How To Become A Surveyor
Career Video: Surveyor
Do you love measuring things? Do you want to turn this fascination of measurement into a career? If the answer is yes then you can consider becoming a surveyor. In this profession, your main task involves making exact measurements in order to define the boundaries of a property. This is necessary to determine where the exact locations of real estate and construction projects are and to give legal documentation as to where property boundaries lie. Your work is necessary to prevent boundary disputes. In order to do this, you can be asked to look for evidence on the existence of previous boundaries as well as to research land titles and existing survey and land records.
Aside from measuring boundaries, you may also measure points below the surface of the earth. For instance, when a property is constructed, you will have to find the proper depths for the foundations. You also have to be mindful of any changes made in the property line since this would also tell if there are restrictions as to the type of structures that can be constructed on the property. You also have to establish where the boundaries for land and water are as well.
To do your job well, you will use new technology such as GPS or Global Positioning Systems which allow you to find reference points with a very high degree of accuracy. Part of this system of satellites is the Geographic Information System (GIS) which would allow you to present visual data such as reports, charts and more commonly, maps so they are better understood by clients. One way that you can use this technology is when you need to overlay aerial images with GIS data in order to produce computerized maps.
You may also advise clients, typically governments and businessmen, on where their planned structures such as roads and homes should be built. You may also be asked to settle boundary disputes by providing your expert opinion on the matter under question. If the parties will not be able to come to an agreement, you may be called to give your testimony in court.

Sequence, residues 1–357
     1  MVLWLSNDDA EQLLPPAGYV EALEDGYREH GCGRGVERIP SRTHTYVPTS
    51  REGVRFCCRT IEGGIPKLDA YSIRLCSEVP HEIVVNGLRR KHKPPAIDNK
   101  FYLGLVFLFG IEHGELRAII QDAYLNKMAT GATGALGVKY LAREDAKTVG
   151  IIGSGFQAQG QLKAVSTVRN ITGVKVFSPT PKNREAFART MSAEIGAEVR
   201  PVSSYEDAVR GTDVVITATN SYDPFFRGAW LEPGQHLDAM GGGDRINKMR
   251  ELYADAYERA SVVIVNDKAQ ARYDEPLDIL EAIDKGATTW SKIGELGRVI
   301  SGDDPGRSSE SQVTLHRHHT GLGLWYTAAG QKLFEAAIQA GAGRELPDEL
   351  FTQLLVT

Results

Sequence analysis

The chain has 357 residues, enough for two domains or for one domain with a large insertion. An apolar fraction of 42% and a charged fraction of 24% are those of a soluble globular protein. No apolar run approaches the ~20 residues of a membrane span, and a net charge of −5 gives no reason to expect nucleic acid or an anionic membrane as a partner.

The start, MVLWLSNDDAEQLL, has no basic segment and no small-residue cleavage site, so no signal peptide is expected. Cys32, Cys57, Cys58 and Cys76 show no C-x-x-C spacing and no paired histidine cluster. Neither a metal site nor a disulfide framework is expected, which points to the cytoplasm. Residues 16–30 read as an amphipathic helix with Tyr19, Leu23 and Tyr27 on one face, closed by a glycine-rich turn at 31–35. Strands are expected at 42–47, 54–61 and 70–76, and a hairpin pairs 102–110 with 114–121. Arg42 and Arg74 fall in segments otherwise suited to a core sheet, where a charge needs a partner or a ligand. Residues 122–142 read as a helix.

There are many different specializations in this career. You can work as a geodetic surveyor where you’ll be measuring large swathes of land; as a geophysical prospecting surveyor where you will be measuring sites where potential petroleum or natural gas products are located or as a marine or hydrographic surveyor where your work involves measuring bodies of water to find out where the shorelines are, how deep the water is and what the topography of the bottom is.
This profession requires a keen eye for detail. Since you will be producing documents that will form part of legal records, you have to be precise and accurate. You also have to be comfortable working with modern technologies such as GPS and GIS and be able to visualize distances for prospective construction projects. You must also be a good problem solver since you may be called upon to determine where a property line is after various environmental and non-environmental factors may have affected its location. You also need to have great interpersonal and communication skills since you will usually be working as part of a team composed of architects, construction managers and other professionals. If you are heading a survey party, you need to give clear instructions.
Why Become A Surveyor